Baltimore, Civil Unrest, Definitions, Freddie Gray Protests, L.A. Riots, Los Angeles Riots 1992, Media Coverage, Police Brutality, Policing, Politics of Respectability, Race Rules, Respectability Politics, Riots, Rodney King, Rules of Racial Standing, Vancouver Canucks, Vancouver Riots 2011
What happened in Baltimore on Monday wasn’t a riot. Let me repeat that. The violence that broke on in Baltimore a day and a half ago was NOT a riot. Nor was it a referendum on Black violence. Nor was it a microcosm of Black youth as “thugs.” Nor was it “violent clashes between police and protestors,” at least not in any formal sense. It was random violence and vandalism, spread out far enough to be, sadly, a typical week in an impoverished Baltimore neighborhood, as part of larger impoverished and divided city. Period.
The Baltimore coverage has been a caustic cocktail so far. One of a media with bipolar disorder, bouncing from ignoring Freddie Gray’s death and the first protests during the White House Correspondence Dinner to wall-to-wall coverage for the past two days. Combine that with the inaction on moving forward with disciplining or arresting the Baltimore PD officers involved in making Freddie Gray paralyzed and dead. Combine that with the Black Respectability Police yammering on as if vandalism is simply an issue of undisciplined youth. Mix that with White columnists and commentators spewing racial stereotypes like a sewer hole. And you get the same numbskull presentation of a situation in which the questions are about how a handful in a community responded in snapshot to years of oppression, neglect, ignoring and ignorance.
Twenty-three years ago today, half-a-lifetime ago for me, the L.A. riots began, within a couple of hours of the first verdict in the Rodney King case. You know, the one where that all-White Simi Valley jury made up of retired cops acquitted the police officers involved of all charges. That was a riot, in every sense of the word. It was organized, it was disorganized, it went on for days, it took out whole city blocks, it left 53 dead, more than 2,000 injured, and the police and the National Guard arrested more than 11,000 people.
Watching that unfold was a traumatic experience. It was the kind of experience that should make people — especially in the news business — remember that not every act of violence that occurs during a protest is part of that protest or constitutes a riot. By labeling what happened on Monday in Baltimore a “riot” is insulting to anyone with a long memory. Seven fires, a few clashes, a handful of burned out and bashed in vehicles. Heck, where I grew up, in “Money Earnin'” Mount Vernon, New York, that’s a bad weekend in December ’99. But it’s not a riot.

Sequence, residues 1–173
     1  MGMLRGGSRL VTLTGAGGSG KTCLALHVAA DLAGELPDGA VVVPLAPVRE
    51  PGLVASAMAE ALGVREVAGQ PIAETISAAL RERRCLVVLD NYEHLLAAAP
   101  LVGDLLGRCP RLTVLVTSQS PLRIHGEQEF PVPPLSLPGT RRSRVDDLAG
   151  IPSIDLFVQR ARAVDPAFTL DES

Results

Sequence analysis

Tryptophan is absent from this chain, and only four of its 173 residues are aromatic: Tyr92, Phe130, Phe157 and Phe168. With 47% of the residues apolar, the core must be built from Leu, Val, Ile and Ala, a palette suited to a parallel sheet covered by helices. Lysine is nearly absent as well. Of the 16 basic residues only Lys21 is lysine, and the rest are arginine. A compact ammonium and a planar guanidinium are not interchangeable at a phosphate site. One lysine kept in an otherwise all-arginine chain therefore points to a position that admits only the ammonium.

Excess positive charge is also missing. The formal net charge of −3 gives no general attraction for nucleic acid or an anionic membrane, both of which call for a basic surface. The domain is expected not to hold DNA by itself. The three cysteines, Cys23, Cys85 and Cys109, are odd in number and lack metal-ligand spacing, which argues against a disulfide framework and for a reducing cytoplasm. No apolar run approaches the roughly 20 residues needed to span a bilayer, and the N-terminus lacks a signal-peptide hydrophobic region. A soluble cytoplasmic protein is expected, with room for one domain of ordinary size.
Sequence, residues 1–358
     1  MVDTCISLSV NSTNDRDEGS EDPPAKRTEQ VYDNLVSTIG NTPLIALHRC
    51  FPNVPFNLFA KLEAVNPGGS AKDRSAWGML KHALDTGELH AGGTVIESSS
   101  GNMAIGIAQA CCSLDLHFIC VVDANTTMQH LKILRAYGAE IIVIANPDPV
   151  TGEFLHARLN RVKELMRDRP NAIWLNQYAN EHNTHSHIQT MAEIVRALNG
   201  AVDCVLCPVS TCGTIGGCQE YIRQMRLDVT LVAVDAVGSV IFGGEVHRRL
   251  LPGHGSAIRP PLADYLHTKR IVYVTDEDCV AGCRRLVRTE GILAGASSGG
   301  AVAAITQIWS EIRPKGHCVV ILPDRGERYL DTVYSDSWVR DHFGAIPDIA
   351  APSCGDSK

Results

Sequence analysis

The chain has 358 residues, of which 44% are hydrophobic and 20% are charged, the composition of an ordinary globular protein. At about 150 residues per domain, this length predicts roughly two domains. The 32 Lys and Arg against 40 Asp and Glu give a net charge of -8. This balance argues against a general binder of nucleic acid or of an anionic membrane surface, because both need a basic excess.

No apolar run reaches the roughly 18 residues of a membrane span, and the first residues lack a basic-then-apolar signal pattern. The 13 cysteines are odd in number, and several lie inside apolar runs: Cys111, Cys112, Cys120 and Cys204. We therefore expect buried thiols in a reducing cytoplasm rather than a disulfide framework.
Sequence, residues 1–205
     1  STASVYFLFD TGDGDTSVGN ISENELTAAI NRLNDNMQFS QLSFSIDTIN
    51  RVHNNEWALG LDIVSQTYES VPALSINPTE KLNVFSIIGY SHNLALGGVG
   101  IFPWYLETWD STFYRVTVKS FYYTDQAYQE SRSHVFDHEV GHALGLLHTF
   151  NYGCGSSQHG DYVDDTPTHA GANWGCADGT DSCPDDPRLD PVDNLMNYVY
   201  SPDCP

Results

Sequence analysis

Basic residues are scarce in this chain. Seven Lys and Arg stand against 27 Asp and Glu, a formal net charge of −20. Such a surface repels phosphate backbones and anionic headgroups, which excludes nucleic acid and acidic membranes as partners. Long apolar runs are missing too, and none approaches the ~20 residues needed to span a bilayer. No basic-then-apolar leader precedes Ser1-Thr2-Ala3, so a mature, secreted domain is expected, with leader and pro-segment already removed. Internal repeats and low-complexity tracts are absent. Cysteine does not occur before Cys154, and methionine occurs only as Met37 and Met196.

I’ll tell you what is a riot, though. East St. Louis, Illinois in 1917. The 1863 Draft Riots in New York. Chicago and Washington, DC during the Red Summer of 1919. Detroit in 1943. The 100-plus riots after Dr. Martin Luther King, Jr.’s assassination in 1968. Vancouver, in 2011, after the Canucks lost in the Stanley Cup Finals (again). Chicago during the 1968 Democratic Convention, Seattle during the 1999 World Trade Organization conference. But when White folks destroy property or take lives during widespread and seemingly random violence, it’s either a “protest” or “civil unrest.”
I’ll tell you something else. The media, the respectability police, and Whites in denial want nothing more than to make the Freddie Gray killing and the protests a besides-the-point news story. For them, making Blacks look less than human is the story. For them, any imperfection, any violence, any sense of the full range of humanity on display when under systemic oppression, is reason to celebrate. Because it means they can spend another day living in their matrix, where all their racism and race-based privilege is confirmed.